Disputes and its Evolution: Learning from the learned

The practice of Dispute Resolution has seen a sudden emergence in past few years with an increasing importance by the day. But how did it come to rise to the said level of importance today even though the practice has existed since earlier times? Let's find out!


In conversation with

Faisal Sherwani


An Advocate-on-Record, Supreme Court of India and Partner in the Dispute Resolution practice at L&L Partners Law Offices, New Delhi.


With an experience of over a decade in the field of dispute resolution, he regularly advises and acts for clients on a range of subjects such as constitutional law, arbitration laws, corporate and insolvency laws, transport and motor vehicles laws, technology and gaming laws, and white-collar crimes and penal laws.


Most recently, he was named as one of the ‘Top Individual Lawyers in India’ by Forbes India in its Legal Power List, 2020; he has also been recognized as a ‘Future Legal Leader’ by India Business Law Journal. He has also featured in BW Legal World’s elite list of ‘40 under 40’.




Q. Dispute Resolution is an emerging career in law with an increasing popularity by the day. How would you comment upon the importance of this area of expertise from your personal experience?


Frankly, when it comes to the practice of law – dispute resolution is the oldest and most classical arena. Yet, as you rightly appreciate, it still is the most relevant. The history of the practice of law is indicative of the fact that it all started with the attempt to resolve disputes.
Lord Henry Brougham’s famous quote: ‘a lawyer must know everything about something and something about everything’, properly understood is in the context of a dispute resolution lawyer. Thus, for a dispute resolution lawyer, concentrating on a sole or particular area of law may be a luxury she can ill-afford.
Personally, I have no regrets at all. Rather the demands and requirements of the profession have helped me develop into a more well-rounded lawyer, I hope. And it is a continuous learning process.


Q. In your opinion, is there any niche which is still unexplored by many in terms of dispute settlement which you would like more law students to explore and pursue in the coming future?




Sadly, the history of human kind is a history of dispute. And, humankind has over the ages showcased an insatiable propensity to argue and dispute over most things. You and I, can have a dispute over almost anything. And therefore, properly understood, dispute resolution was never meant to be a subject or practice area by and of itself.
Much to the contrary, it refers to the process of determining a dispute. This can take any of the usual forms i.e., the traditional court-room litigation, arbitration, mediation or some other mode of facilitation that may help in arriving at a resolution of differences between parties in conflict.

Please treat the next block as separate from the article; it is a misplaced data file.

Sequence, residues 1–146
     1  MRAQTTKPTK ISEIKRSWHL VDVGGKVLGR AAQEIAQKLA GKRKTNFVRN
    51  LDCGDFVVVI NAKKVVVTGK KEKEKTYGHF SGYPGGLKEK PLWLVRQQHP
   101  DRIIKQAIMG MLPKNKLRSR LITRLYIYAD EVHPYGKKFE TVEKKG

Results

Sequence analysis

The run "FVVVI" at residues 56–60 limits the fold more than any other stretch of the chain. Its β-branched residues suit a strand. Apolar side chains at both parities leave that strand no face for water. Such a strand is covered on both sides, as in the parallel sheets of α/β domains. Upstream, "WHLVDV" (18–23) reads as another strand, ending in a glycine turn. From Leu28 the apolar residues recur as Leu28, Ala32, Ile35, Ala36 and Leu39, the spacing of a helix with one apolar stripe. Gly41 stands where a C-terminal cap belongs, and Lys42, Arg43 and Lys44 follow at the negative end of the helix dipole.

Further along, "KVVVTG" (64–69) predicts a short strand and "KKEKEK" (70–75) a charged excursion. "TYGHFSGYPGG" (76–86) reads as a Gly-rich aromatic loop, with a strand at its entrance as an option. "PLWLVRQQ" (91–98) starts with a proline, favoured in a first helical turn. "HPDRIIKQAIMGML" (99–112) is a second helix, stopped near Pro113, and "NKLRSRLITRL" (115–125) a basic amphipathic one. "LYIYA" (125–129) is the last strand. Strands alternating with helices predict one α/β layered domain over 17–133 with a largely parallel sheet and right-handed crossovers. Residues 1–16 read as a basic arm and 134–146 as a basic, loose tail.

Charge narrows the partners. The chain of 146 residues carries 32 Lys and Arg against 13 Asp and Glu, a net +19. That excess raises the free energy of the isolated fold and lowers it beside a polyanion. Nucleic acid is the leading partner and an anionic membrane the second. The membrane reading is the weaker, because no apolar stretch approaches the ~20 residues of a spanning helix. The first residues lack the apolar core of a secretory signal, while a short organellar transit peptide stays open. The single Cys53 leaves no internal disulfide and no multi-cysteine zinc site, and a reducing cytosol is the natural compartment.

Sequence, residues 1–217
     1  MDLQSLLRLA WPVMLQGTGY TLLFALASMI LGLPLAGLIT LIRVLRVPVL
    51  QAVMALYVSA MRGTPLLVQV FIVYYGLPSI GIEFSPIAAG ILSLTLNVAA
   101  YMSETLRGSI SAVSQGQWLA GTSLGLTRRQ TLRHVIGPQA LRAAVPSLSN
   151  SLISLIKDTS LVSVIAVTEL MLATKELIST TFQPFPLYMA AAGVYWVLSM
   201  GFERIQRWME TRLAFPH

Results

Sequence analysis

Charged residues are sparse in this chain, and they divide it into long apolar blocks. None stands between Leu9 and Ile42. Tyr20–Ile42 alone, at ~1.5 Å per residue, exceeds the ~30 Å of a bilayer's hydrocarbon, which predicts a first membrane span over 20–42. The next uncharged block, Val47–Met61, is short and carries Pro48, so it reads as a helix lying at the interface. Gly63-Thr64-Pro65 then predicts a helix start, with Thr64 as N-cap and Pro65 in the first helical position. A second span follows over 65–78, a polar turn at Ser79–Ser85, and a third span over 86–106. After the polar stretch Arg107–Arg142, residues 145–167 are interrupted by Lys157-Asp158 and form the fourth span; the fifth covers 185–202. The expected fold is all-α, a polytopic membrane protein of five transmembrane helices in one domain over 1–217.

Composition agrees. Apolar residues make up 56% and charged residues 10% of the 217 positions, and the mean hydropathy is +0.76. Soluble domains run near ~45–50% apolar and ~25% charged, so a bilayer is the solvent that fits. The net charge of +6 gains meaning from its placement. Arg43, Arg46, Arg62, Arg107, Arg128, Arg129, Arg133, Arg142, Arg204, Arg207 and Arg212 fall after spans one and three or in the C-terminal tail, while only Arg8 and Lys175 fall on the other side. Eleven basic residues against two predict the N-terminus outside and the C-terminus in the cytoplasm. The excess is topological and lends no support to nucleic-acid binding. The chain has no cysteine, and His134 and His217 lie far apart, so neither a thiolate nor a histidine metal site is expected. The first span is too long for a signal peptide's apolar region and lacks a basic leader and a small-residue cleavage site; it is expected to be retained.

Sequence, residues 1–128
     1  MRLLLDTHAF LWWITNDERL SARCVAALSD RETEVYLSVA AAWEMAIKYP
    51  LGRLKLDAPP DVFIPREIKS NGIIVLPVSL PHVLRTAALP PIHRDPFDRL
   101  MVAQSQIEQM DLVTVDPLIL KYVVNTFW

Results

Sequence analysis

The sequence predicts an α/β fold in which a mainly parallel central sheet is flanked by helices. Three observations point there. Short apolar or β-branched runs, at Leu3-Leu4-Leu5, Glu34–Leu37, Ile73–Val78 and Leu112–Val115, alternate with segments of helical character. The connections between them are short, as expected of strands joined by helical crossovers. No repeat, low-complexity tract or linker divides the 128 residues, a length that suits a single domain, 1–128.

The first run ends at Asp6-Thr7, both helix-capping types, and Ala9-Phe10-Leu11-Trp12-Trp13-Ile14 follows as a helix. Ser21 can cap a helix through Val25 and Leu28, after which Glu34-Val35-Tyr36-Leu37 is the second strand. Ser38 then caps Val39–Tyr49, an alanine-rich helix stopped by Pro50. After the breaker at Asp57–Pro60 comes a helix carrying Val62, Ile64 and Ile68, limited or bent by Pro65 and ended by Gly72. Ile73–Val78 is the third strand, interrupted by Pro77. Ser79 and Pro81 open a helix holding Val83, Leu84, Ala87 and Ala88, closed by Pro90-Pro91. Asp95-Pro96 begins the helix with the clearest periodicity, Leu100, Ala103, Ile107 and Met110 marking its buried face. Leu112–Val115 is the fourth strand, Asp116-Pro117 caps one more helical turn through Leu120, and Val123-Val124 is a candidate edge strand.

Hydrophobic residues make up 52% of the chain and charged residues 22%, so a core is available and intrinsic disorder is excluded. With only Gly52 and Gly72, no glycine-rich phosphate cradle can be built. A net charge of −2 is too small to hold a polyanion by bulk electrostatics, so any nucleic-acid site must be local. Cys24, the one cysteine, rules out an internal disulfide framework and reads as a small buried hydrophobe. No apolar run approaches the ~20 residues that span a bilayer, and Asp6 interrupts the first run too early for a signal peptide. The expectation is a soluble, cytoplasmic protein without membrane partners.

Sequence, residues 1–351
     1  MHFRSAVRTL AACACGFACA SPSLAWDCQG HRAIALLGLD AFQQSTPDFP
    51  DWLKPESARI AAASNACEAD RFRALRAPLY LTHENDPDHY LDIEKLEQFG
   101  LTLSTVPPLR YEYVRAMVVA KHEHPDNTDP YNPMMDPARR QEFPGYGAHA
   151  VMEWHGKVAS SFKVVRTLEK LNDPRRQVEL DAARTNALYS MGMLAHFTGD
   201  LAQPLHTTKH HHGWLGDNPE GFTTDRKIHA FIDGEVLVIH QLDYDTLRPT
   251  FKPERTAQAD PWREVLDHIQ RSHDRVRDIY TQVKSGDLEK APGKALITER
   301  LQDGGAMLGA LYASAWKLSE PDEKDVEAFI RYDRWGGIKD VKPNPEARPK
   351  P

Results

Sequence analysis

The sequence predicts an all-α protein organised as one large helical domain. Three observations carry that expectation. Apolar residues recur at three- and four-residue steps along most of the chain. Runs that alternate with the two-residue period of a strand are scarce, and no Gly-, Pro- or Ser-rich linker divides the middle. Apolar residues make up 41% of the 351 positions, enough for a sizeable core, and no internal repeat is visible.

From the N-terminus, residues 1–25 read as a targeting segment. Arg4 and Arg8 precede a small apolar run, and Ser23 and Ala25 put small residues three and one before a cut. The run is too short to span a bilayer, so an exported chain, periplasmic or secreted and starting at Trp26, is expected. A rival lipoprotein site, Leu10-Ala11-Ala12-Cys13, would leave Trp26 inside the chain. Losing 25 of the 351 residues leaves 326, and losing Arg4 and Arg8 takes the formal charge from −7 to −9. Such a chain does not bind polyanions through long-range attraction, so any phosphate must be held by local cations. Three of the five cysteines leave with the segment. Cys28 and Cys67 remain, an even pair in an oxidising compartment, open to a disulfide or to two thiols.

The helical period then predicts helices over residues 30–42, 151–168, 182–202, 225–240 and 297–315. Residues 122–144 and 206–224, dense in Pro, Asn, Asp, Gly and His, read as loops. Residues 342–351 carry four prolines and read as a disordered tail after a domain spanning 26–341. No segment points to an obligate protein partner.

So what this means for practitioners in this arena, is that while we are quite entitled to our preferences and inclinations qua certain or diverse subjects of law, our duties as general-lit lawyers demand that we be equipped to speak and be able to advise on most issues – rather than some.
And happily so, as a dispute resolution specialist and a court-room practitioner, my responsibilities extend (or are confined, if you like) to advising and acting for clients on a range of issues and subjects such constitutional law aspects, arbitration laws, corporate, commercial and insolvency laws, labour legislations, technology and gaming laws, white-collar crimes and penal laws.
As soon as there is a new emerging area of law, business or even an unexplored aspect of our lives and habits – soon enough, rest assured and sadly so, there will be a dispute. But I will leave the guesswork to the astrologers!

Q. Is there anything that you would want aspiring law students to be well-aware of in this field before they decide to pursue the same?


Just that a litigation and dispute resolution career may appear somewhat tough for first generation lawyers. But fret not, the satisfaction that you will derive from arguing a case before a court is most unlikely to be surpassed by any other rich experience. Most of you who will choose this path are likely to find it intellectually stimulating and academically rewarding.




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Liked what you read? Also check out these:

Dispute Resolution- An Emerging Career (towardslawcareer.com)

Aspects of Litigation | Towards Law Career




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